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In 1969, the Supreme Court ruled that students do not “shed their constitutional rights to freedom of speech or expression at the schoolhouse gate.” It was a good ruling with exceptions that allowed school officials to bar speech that advocated dangerous or illegal conduct or was substantially disruptive.
The Roberts Supreme Court has expanded schools’ powers to regulate speech in a case in which the speech in question was described as “cryptic,” by Chief Justice John Roberts in the majority, and as “nonsense,” Justice John Paul Stevens dissenting. A more rugged description would be just stupid.
The phrase was the now infamous “BONG HiTS 4 JESUS,” words now enshrined in First Amendment lore. It was written on a 14-foot banner that Alaska high-school student Joseph Frederick unfurled as the Olympic Torch Relay was coming through Juneau.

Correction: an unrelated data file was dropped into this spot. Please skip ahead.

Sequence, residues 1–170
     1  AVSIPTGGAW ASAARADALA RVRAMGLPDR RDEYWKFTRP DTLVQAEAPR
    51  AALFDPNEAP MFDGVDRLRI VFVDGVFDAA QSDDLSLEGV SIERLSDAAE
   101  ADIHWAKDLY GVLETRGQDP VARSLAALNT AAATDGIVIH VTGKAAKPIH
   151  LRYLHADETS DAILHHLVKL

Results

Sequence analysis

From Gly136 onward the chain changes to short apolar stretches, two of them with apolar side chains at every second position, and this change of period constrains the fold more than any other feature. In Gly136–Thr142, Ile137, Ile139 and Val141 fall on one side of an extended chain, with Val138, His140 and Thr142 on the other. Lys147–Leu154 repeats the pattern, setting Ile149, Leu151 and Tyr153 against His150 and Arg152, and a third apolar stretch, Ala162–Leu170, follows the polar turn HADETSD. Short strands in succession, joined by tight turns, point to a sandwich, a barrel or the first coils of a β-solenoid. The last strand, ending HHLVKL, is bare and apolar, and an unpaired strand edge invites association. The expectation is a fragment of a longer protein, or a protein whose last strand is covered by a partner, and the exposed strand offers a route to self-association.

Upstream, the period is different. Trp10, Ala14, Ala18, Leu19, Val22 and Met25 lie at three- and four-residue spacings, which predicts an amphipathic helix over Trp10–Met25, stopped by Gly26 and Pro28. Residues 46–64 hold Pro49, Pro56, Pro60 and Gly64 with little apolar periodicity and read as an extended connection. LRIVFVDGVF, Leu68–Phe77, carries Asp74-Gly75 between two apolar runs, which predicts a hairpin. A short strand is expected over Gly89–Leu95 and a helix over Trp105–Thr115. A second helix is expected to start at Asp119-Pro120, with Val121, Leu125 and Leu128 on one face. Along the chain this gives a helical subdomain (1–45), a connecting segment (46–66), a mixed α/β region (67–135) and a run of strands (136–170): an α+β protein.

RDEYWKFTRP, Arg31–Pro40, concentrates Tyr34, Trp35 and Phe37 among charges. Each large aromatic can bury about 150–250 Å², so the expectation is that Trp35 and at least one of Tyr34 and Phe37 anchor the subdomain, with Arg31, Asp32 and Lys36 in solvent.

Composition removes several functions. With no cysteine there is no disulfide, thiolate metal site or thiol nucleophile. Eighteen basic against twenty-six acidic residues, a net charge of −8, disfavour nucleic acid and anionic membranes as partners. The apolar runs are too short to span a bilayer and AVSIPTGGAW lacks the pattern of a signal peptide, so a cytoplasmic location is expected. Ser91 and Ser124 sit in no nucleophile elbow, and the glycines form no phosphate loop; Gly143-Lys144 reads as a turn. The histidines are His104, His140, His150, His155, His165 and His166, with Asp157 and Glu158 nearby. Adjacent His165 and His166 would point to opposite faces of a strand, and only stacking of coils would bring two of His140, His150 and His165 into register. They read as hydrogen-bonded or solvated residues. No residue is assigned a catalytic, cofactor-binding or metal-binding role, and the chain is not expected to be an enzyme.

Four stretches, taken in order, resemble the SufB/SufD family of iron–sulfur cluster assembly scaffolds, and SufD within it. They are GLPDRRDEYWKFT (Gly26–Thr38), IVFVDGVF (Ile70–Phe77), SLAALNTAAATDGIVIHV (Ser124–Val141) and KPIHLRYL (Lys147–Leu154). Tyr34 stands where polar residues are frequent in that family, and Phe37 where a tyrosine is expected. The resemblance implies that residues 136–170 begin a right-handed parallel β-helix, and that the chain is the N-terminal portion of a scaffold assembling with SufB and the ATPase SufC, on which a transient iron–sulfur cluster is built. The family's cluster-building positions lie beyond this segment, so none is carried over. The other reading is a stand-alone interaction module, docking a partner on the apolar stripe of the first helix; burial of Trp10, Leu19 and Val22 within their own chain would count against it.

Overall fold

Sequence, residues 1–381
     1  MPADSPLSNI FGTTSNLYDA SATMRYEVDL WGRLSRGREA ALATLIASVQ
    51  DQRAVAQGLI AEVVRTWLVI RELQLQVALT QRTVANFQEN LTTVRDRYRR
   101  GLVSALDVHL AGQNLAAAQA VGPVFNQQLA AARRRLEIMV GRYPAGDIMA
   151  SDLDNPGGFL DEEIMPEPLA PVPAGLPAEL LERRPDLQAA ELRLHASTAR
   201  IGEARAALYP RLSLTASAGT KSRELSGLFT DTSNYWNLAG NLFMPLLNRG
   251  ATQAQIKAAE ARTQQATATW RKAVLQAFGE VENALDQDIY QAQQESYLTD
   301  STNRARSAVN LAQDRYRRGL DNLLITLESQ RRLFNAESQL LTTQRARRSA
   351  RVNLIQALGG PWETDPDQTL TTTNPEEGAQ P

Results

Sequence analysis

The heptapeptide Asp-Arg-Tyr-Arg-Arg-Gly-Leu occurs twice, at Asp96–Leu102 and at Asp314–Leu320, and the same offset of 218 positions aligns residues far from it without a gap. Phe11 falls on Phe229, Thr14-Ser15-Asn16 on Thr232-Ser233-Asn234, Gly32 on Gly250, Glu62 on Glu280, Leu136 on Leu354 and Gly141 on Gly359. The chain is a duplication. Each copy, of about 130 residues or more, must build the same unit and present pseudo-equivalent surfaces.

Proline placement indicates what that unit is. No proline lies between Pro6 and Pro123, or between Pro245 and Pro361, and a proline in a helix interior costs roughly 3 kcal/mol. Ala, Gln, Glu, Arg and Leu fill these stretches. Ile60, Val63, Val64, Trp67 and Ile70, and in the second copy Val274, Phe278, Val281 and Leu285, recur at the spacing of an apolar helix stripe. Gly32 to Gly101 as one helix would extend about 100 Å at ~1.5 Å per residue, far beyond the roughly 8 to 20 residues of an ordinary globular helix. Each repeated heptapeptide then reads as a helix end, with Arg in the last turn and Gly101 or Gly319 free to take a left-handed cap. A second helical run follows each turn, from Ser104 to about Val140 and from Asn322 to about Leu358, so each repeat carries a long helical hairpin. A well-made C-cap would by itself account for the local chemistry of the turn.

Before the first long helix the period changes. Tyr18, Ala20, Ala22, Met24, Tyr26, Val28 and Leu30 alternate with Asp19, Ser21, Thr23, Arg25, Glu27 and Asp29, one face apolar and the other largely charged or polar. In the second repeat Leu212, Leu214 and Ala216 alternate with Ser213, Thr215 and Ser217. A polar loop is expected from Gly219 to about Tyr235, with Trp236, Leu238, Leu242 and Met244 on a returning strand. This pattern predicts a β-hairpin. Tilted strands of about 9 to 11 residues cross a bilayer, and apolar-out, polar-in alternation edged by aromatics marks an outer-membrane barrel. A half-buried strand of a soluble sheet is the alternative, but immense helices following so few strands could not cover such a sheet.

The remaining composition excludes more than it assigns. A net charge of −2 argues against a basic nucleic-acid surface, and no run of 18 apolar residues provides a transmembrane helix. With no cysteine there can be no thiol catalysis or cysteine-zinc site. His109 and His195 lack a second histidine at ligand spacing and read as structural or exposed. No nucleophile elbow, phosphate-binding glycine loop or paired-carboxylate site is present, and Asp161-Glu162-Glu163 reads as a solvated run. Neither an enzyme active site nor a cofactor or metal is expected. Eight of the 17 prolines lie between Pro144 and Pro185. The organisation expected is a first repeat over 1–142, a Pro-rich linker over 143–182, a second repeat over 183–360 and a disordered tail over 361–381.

Frederick was not on school property — he was on a sidewalk opposite his school — but the presence of the students along the relay route was school-sponsored and -supervised. Frederick said he displayed the banner, whose inscription even he found meaningless, solely to get on television.
Why, oh why, do these things become federal cases? Nonetheless, principal Deborah Morse confiscated the banner and suspended Frederick for 10 days on the grounds that the message conflicted with the school’s mission of fighting illegal-drug use.
By 5-4, the court agreed.
But Frederick did not seek to advocate or persuade. Wrote Stevens: “The notion that the message on this banner would actually persuade either the average student or even the dumbest one to change his or her behavior is most implausible.”
By the majority’s reasoning — and its confidence that it could divine meaning in “BONG HiTS 4 JESUS” — the principal could have equally confiscated the banner for impermissible promotion of religion during a school activity.
Under the “bong hits” ruling, school officials gained the court’s backing for making students check at least part of their constitutional rights at the schoolhouse gate.